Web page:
The main thing I'd say about computer science is that [programmers] have a self-concept of being totally skills-driven, but if you actually look at employment in computer science, that's not how it works. Degrees from leading schools really do seem to matter. They really do seem to open doors.
I'm sure a lot of developers would agree that refactoring is the best part of writing code—because you can make it super efficient and make every line useful. I think the same principles can be applied to your financial life and your life in general. If you're super efficient with your spending, and you're making a software engineering salary, then money piles up quite quickly. That's why I think there are so many software engineers in the FIRE community. They are used to systems and algorithms and efficiency, and it's like you're applying all those things to your financial life. You're refactoring your life pretty much all the time, which is just great and can get you to FIRE really quickly.
[Triplebyte's process] seemed too good to be true, and I wondered where the catch was. But after some thought, I could see how it made sense. Companies are looking for people with skills and aren't necessarily looking as much at credentials, especially in Silicon Valley. I was really apprehensive about whether I'd actually get any interviews with companies. And then, even if I got interviews, if I would get any offers. It hadn't even crossed my mind that I would have to choose between offers. But I got three offers, and that was a really cool experience.
tl;dr Programming interview questions can feel unnecessarily difficult. Sometimes they actually are. And this isn't just because they make interviews excessively stressful. Our data shows that harder programming questions actually do a worse job of predicting final outcomes than easier ones.
It was nice to skip a lot of the repetitiveness. You skip the technical phone screens. And I wouldn't have heard of Benchling otherwise. There were lots of companies on Triplebyte that I'd never heard of and wouldn't have found on my own. I had searched Angel List for healthcare companies, but Benchling hadn't come up, so I don't know how I would've found out about them otherwise. I'm really happy for that as well.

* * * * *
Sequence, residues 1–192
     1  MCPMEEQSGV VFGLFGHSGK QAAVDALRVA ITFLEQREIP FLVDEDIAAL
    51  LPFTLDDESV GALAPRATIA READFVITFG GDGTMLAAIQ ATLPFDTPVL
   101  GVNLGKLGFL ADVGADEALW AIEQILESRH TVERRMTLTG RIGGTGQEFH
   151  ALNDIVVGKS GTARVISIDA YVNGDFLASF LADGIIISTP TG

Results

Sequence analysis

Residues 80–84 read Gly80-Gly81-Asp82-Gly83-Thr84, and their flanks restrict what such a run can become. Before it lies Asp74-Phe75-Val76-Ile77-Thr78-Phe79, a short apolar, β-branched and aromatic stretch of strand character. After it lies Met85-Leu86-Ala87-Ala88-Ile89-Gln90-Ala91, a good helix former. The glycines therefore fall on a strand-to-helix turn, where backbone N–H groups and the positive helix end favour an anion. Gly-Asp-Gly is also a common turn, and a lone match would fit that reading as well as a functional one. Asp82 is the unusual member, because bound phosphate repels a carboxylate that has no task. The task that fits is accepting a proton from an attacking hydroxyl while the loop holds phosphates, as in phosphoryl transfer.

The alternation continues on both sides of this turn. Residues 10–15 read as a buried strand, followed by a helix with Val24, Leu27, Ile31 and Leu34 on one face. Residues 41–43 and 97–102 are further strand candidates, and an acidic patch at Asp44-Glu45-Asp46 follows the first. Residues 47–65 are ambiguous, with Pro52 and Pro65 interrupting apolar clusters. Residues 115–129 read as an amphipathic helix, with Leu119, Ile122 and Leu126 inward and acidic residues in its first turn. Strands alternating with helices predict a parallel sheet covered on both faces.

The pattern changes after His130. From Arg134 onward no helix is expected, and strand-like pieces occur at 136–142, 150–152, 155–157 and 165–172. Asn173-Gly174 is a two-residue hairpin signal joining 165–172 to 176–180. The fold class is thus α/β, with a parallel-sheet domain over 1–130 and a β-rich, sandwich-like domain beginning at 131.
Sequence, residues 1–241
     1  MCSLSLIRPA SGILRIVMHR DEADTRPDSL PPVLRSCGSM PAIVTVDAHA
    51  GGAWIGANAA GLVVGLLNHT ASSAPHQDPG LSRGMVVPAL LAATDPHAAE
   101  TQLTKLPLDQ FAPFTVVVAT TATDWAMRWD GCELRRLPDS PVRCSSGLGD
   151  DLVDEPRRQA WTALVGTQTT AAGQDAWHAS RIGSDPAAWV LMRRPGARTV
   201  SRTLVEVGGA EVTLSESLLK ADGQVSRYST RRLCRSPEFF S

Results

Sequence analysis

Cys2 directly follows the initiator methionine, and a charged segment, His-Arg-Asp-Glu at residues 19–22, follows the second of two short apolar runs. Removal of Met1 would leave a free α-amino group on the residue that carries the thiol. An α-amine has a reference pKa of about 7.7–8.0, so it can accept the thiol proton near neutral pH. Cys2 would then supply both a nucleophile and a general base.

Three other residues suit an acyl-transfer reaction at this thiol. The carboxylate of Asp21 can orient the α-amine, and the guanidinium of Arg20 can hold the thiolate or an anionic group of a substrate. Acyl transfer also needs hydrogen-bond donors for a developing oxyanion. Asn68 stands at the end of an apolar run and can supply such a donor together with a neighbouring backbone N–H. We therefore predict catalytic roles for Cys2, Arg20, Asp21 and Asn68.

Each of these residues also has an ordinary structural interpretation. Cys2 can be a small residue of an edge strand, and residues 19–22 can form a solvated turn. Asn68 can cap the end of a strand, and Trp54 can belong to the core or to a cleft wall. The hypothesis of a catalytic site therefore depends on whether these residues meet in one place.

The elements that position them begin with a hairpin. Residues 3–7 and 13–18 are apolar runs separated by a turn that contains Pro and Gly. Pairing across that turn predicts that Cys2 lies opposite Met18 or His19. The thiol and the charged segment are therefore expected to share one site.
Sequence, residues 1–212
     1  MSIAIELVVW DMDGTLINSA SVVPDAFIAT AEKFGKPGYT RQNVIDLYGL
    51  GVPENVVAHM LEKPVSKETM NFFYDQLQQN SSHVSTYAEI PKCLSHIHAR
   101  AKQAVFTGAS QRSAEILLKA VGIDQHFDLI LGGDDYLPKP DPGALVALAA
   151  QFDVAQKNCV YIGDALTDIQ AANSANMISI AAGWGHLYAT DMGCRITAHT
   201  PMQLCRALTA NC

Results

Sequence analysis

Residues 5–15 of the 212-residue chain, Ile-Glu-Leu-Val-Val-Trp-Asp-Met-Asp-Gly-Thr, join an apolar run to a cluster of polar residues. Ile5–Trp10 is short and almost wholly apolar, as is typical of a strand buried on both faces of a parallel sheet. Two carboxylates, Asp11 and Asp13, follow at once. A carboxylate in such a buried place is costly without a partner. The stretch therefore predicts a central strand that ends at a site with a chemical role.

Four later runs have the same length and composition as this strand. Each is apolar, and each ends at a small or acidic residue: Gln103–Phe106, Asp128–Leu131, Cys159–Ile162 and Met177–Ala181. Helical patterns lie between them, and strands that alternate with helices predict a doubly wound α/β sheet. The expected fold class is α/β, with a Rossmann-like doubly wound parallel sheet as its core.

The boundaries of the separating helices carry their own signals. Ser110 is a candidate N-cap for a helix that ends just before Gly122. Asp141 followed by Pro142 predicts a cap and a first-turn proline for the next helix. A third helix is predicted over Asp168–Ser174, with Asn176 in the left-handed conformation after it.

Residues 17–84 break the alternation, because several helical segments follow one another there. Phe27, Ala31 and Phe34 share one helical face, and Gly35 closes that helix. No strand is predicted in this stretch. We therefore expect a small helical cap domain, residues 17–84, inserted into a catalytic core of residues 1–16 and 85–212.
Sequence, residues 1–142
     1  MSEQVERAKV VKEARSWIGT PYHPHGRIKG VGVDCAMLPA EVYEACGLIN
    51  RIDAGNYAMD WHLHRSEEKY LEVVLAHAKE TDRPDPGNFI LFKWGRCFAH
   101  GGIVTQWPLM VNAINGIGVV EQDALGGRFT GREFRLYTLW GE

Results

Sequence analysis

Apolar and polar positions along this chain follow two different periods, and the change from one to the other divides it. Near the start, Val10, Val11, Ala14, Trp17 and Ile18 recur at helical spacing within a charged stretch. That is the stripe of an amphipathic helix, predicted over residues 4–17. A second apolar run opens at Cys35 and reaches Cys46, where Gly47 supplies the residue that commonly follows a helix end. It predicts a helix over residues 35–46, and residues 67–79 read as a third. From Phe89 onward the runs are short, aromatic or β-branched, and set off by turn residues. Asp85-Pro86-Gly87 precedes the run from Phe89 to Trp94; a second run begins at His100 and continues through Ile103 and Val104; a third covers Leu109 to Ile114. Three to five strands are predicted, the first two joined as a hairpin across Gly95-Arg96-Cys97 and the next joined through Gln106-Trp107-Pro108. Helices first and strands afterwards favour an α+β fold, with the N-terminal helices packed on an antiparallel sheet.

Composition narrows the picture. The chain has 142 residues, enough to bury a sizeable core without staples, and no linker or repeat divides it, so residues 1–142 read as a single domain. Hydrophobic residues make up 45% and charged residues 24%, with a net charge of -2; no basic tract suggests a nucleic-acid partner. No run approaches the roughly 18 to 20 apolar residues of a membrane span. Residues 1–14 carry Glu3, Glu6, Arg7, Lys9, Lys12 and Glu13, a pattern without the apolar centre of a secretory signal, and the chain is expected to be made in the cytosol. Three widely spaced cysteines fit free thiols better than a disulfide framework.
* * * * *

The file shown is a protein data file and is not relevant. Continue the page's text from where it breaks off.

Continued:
tl;dr Humility is an important quality in technical interviewers. Our data shows that interviewers who are strongly confident in their own abilities give less consistent interview scores. Interviewers who are aware of their own weaknesses (and of how noisy interviews can be) in contrast, give more consistent scores. We've developed an exercise to help train interviewers in this area.
Marcus Posey is a 23-year-old software engineer from Decatur, Alabama. After dropping out of high school, he received a GED and entered college in order to pursue his dream: a career in software engineering. But finances got in the way and he was forced to leave school before finishing his degree. Without a degree or experience on his resume, Marcus applied to more than 100 companies, but couldn't get past the resume screens—despite having strong programming skills. Then, in 2018, Marcus heard about Triplebyte on a podcast. Our background-blind, merit-focused technical screening process allowed him to demonstrate his skills without being disqualified by a piece of paper, and he received multiple job offers. He now works at American Express on the back-end. It's his first software engineering job.
I believe that most advice on choosing a startup to work for is wrong. Early employees at wildly successful startups suggest you assume the value of your equity is zero and instead optimize for how much you can learn. In this post I'll argue that evaluating how likely a startup is to succeed should actually be the most important factor in your decision to join one. As a former partner at Y Combinator, I know a lot about how investors do this. Now, as a founder and CEO of Triplebyte, I see how much less rigor the average job seeker applies to their decision and what they miss that investors would notice.
tl;dr Visual Studio Code usage is rising rapidly! VS Code is now the editor chosen by the majority of engineers during programming interviews, and it appears to be rapidly taking market share from other top editors.
Triplebyte interviews hundreds of engineers each week. For every interview, we record the editor, language and operating system each candidate uses. We don't use this data to decide who passes our interview (I don't think that would be fair). However, it is fascinating data! It gives us insight into which tools different cohorts of engineers prefer, and how these preferences have changed over time. It also allows us to identify correlations between the tools engineers choose and their performance during programming interviews.